More than a quarter of intensive-care-unit clinicians view care in their ICUs as inappropriate at least some of the time, according to a study in the Journal of the American Medical Association. Perception of inappropriate care among staff can hinder teamwork efforts, contribute to burnout and increase turnover, the authors said.
Survey: Clinicians see inappropriate care in ICUs
Researchers surveyed more than 1,600 nurses and doctors working in ICUs in Europe and Israel. Of those respondents, 439, or 27%, said they perceived care to be inappropriate for at least one patient. The most commonly reported reason given was that ICU care was excessive. Also, some respondents said they thought other patients could benefit more from ICU care than those who received it.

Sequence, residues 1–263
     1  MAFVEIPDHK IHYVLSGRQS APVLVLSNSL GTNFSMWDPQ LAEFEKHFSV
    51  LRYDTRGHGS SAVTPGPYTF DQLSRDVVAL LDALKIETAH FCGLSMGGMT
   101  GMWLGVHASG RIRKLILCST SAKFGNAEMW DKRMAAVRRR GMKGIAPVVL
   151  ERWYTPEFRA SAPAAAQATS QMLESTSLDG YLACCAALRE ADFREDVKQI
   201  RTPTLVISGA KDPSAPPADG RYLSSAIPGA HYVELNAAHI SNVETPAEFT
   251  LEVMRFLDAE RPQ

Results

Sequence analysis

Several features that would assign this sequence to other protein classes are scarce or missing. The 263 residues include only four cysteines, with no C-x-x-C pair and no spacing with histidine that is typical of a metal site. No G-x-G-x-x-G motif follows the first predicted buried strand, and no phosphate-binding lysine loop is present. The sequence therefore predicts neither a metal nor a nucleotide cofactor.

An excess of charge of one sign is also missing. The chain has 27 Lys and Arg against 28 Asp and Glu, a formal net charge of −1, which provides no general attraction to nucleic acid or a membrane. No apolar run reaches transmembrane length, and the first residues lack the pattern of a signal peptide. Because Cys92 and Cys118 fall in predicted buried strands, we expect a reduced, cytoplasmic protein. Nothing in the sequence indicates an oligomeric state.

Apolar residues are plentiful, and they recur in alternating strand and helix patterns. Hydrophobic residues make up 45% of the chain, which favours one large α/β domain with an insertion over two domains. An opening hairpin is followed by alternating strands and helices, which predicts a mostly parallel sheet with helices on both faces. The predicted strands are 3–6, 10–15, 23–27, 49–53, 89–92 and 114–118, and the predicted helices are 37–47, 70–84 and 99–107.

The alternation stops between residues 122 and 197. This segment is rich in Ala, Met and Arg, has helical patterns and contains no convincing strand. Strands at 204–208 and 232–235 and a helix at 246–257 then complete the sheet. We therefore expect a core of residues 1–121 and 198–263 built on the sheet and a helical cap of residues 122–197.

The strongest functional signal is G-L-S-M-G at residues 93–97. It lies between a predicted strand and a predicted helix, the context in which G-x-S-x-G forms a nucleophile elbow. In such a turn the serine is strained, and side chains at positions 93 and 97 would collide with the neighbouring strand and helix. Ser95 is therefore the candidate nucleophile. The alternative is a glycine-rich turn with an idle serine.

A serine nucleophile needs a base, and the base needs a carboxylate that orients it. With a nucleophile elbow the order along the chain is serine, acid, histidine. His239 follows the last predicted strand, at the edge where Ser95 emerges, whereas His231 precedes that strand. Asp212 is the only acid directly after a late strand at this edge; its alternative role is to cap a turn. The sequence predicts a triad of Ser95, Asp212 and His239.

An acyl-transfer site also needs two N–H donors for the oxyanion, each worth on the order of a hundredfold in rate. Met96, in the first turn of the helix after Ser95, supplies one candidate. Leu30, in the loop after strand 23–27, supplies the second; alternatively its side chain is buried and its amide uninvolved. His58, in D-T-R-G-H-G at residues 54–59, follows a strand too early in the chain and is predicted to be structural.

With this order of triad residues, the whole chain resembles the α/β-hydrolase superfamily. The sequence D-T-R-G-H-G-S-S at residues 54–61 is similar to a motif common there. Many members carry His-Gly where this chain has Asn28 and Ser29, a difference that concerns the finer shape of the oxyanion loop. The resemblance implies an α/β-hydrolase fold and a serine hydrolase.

“Repeated perceived inappropriateness of care may strongly influence perceptions of a new patient care situation and, as such, affect the quality of patient care,” the authors wrote. “Moreover, in our study perceived inappropriateness of care was independently associated with intentional job leave both in nurses and physicians.”
A number of factors were associated with clinicians' perception of appropriateness of care, including opportunities for shared decisionmaking and perceived workload.
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